Publication Date

December 15, 2022

Perspectives Section

Perspectives Daily

AHA Topic

K–12 Education, Teaching & Learning


  • United States


Political, Teaching Methods

Since January 2021, legislators in 41 states have introduced “divisive concepts” legislation, seeking to restrict what educators can teach in the classroom. These bills have targeted how the history of racism and slavery in the United States are taught, but they have also had crucial implications for how educators approach many other historical topics, from the Holocaust to LGBTQ+ civil rights and more. Most legislation so far has focused especially on K–12 education, often with uncertain implications for higher education. Direct inclusion of higher education has gradually risen as well.

AHA23 Annual Conference Poster.

AHA23 Annual Conference Poster.

Several sessions at the 136th AHA annual meeting in Philadelphia will focus on the implications of divisive concepts legislation and offer guidance for supporting educators. Other sessions will address the teaching of history in K–12 and higher education classrooms more broadly. The common themes running through many of these sessions are: How does one teach history with integrity in today’s charged atmosphere? How can historians support each other and promote the teaching of honest history? How can we best counter the politicization of teaching evidence-based history?

Two sessions, both organized by an AHA Council or staff member, will explore the impact of divisive concepts legislation and offer strategies for those advocating for teaching history with professional integrity:

A Conversation on Navigating the Landscape of Teaching “Divisive Concepts”

Friday, January 6, 10:30 a.m.–12:00 p.m.

This session brings together the leadership of the AHA—including Kathleen M. Hilliard, vice president of the Teaching Division; executive director James Grossman; and special projects coordinator Julia Brookins—with Lawrence Paska and Shannon Pugh, executive director and president, respectively, of the National Council for the Social Studies (NCSS) to continue a conversation begun on a related panel at the NCSS annual meeting in December 2022. The panelists will address the chilling effect of divisive concepts legislation on educators and how to understand the restrictions posed by such bills. They will discuss their associations’ recent advocacy work supporting history educators and countering legislation restricting history education. The conversation will also highlight resources developed by the AHA and NCSS to assist their members and educators opposing such legislation.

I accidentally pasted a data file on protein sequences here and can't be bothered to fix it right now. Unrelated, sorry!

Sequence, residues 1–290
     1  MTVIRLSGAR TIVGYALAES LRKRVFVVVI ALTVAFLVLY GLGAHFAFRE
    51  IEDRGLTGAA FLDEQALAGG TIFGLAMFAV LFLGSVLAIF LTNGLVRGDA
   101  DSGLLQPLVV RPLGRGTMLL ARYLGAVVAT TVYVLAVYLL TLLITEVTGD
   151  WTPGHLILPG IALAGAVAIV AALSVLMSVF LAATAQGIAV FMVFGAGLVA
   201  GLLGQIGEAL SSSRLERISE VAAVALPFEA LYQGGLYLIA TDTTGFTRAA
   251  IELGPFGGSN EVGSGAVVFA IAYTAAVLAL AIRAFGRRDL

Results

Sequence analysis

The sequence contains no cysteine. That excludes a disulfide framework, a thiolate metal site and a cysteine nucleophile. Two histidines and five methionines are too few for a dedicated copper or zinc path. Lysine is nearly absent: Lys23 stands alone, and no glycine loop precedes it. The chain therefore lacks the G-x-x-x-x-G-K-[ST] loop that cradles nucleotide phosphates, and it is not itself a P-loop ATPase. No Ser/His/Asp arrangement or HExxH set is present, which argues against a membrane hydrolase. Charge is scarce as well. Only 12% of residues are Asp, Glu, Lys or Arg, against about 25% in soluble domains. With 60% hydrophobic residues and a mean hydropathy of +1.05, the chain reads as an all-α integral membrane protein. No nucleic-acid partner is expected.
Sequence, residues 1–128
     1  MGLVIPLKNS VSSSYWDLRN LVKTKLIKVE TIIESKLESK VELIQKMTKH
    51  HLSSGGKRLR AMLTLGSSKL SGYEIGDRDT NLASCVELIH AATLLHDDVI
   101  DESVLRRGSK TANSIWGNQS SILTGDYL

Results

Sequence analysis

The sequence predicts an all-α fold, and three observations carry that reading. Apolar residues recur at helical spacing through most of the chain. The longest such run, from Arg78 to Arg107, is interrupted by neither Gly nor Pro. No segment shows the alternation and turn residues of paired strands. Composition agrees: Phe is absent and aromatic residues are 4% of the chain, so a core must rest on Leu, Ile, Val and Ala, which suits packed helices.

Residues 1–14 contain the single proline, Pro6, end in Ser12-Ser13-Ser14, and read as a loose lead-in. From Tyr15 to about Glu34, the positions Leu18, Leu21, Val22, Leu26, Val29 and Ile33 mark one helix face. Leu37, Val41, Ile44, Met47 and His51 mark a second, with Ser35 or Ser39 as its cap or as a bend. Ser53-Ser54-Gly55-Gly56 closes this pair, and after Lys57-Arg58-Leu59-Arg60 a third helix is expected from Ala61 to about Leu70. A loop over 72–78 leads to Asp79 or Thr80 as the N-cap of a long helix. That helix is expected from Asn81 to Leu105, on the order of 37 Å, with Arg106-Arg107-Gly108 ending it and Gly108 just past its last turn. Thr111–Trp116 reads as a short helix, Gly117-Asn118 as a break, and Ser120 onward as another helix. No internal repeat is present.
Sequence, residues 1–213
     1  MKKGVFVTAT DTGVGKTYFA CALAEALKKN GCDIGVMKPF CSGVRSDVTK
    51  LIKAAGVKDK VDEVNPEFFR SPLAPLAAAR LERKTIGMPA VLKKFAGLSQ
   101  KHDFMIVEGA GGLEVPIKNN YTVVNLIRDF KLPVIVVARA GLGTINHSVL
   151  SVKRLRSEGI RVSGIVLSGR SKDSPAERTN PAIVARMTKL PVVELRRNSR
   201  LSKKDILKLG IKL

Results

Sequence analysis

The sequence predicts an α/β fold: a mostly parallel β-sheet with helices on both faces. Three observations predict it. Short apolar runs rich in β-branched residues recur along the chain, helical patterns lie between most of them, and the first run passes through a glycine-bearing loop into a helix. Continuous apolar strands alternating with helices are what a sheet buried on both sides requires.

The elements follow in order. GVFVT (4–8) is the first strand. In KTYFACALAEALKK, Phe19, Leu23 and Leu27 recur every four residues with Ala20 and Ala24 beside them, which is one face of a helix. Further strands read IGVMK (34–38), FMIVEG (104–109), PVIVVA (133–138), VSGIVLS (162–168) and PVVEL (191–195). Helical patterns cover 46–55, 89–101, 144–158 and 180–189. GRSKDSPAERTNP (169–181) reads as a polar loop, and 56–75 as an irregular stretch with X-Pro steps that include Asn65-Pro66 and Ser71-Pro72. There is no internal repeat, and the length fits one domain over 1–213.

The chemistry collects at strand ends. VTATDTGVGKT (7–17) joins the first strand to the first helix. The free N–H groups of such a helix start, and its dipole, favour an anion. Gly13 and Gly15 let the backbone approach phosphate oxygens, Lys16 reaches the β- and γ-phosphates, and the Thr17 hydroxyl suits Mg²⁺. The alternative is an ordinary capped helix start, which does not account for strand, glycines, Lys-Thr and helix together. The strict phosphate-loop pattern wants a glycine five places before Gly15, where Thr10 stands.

“Divisive Concepts” in High School Classrooms around the World

Saturday, January 7, 8:30–10:00 a.m.

The debates over the teaching of divisive concepts are not limited to the United States. In this session, Hasan Kwame Jeffries (Ohio State Univ.), Miranda Johnson (Univ. of Otago), Abigail Branford (Univ. of Oxford), and session chair Julia Brookins (AHA) will examine how other countries face similar tensions in education policy, and what lessons we may learn from how such debates have unfolded. New Zealand, South Africa, the United Kingdom, and the United States are among the countries that will be discussed.

Other sessions will feature K–12 educators, discussing their personal experiences and strategies for teaching history and on the front lines of today’s history wars: